Facing resistance from within his own party on his almost US$800 billion economic recovery plan, US president-elect Barack Obama pointed to alarming new unemployment figures to urge its passage in Congress.
Obama sought to patch fissures with senior Democrats on Friday over key features of the still emerging plan, that he vowed to “hone and refine” with help from both Republican and Democratic lawmakers.
The need for a plan grew more pressing with the release of a US Labor Department report showing job losses of 524,000 last month and a 7.2 percent unemployment rate, the highest in 16 years.
Democratic congressional officials said that Obama aides came under pressure in closed-door talks to jettison or significantly alter a proposed tax credit for creating jobs.
Democrats also sought inclusion of relief for upper middle-class families hit by the alternative minimum tax (AMT). The AMT was originally designed to make sure the very wealthy did not escape taxes, but it now hits many more people because inflation has pushed up average incomes. Congress every year tries to prevent it from reaching tens of millions of middle-income families.
The package is getting off to a rocky start, with top Democrats openly complaining about key provisions, especially the design of his tax cuts.
“If members of Congress have good ideas, if they can identify a project for me that will create jobs in an efficient way that does not hamper our ability over the long term to get control of our deficit, that is good for the economy, then I’m going to accept it,” Obama said at a press conference. “What we can’t do is drag this out when we just saw a half-million jobs lost.”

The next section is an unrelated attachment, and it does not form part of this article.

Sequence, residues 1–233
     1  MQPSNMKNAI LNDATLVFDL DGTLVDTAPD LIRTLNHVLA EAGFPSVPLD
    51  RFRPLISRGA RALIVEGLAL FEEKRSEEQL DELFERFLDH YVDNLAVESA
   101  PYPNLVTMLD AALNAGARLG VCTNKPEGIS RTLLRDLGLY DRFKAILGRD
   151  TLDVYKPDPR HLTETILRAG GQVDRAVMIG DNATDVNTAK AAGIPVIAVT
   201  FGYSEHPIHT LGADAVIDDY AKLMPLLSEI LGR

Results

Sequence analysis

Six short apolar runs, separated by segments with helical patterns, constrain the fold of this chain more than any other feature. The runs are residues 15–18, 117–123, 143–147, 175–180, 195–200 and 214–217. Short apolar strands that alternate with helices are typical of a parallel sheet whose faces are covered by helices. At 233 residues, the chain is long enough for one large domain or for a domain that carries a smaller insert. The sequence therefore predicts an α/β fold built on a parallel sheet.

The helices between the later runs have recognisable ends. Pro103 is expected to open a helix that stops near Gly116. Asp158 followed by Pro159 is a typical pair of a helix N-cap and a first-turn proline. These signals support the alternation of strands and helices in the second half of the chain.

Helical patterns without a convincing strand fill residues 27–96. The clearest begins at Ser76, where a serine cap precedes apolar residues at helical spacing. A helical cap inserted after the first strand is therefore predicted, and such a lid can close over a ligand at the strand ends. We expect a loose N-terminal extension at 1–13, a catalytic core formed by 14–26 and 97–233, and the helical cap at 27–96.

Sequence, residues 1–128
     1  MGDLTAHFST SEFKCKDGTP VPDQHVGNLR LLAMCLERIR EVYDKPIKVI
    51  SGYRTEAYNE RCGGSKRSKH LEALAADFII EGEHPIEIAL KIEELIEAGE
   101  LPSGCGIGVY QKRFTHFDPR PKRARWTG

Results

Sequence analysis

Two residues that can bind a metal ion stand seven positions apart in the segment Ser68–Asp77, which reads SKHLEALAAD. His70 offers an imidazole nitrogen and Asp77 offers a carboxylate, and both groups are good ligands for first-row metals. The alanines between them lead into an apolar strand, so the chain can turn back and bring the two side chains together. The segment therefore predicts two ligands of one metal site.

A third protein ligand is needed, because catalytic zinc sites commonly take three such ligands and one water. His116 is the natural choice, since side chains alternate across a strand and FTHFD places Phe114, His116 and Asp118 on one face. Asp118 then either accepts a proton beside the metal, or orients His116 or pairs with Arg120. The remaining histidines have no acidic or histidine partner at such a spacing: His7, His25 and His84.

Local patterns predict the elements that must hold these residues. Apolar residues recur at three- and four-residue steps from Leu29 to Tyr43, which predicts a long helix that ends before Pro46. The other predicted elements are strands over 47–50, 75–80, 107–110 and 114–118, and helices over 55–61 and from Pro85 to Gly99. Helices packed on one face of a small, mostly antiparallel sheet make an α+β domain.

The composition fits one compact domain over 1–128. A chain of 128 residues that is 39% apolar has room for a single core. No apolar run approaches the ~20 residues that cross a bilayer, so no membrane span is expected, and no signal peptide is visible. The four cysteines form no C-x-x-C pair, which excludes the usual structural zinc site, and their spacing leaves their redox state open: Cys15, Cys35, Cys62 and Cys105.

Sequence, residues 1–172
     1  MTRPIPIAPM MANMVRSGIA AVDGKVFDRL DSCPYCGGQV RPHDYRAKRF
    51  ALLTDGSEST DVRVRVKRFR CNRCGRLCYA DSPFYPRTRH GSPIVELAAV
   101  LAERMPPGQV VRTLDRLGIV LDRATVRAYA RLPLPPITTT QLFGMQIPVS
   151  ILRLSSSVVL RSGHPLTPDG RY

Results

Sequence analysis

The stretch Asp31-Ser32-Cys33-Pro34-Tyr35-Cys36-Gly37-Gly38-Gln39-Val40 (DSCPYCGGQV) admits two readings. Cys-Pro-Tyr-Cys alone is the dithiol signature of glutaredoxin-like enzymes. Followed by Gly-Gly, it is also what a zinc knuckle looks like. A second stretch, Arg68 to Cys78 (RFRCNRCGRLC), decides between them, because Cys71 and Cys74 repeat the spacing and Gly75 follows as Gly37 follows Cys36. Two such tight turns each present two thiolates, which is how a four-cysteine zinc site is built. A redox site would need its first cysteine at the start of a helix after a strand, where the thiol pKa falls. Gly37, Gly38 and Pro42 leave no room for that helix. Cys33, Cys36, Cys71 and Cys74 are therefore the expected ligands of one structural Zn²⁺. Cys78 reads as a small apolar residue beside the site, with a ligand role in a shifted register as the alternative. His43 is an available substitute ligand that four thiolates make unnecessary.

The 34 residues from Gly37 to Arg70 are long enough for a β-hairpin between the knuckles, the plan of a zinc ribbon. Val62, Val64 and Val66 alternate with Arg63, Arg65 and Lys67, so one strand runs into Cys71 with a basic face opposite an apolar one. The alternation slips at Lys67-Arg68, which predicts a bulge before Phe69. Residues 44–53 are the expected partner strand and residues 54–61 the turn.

He noted that jobs were lost in all 12 months of last year and said it was the worst year since World War II.
The Labor Department’s unemployment report showed widespread damage across US industries and workers — hitting blue-collar and white-collar workers, people without high school diplomas and those with college degrees.
“One word comes to mind — dreadful,” said Stuart Hoffman, chief economist at PNC Financial Services Group.
There’s no relief in sight. The year got off to a rough start with a flurry of big corporate layoffs and there were more on Friday. Airplane maker Boeing Co said it planned to cut about 4,500 jobs this year and uniform maker G&K Services Inc is eliminating 460 jobs.
Employers are also cutting workers’ hours and forcing some to go part-time. The average work week last month fell to 33.3 hours — the lowest in records dating to 1964 — and a sign of more job reductions in the months ahead since businesses tend to cut hours before eliminating positions entirely.
“There is no indication that the job situation would stabilize anytime soon,” said Sung Won-sohn, economist at the Martin Smith School of Business at California State University. “This could turn out to be one of the worst economic setbacks since the Great Depression.”
Economists predict a net total of 1.5 million to 2 million or more jobs will vanish this year and the unemployment rate could hit 9 percent or 10 percent, underscoring the challenges Obama will face and the tough road ahead for job seekers.
The Dow Jones Industrial Average fell 143.28 points, or 1.64 percent, to 8,599.18 on Friday, ending the week down nearly 5 percent, the worst week since November.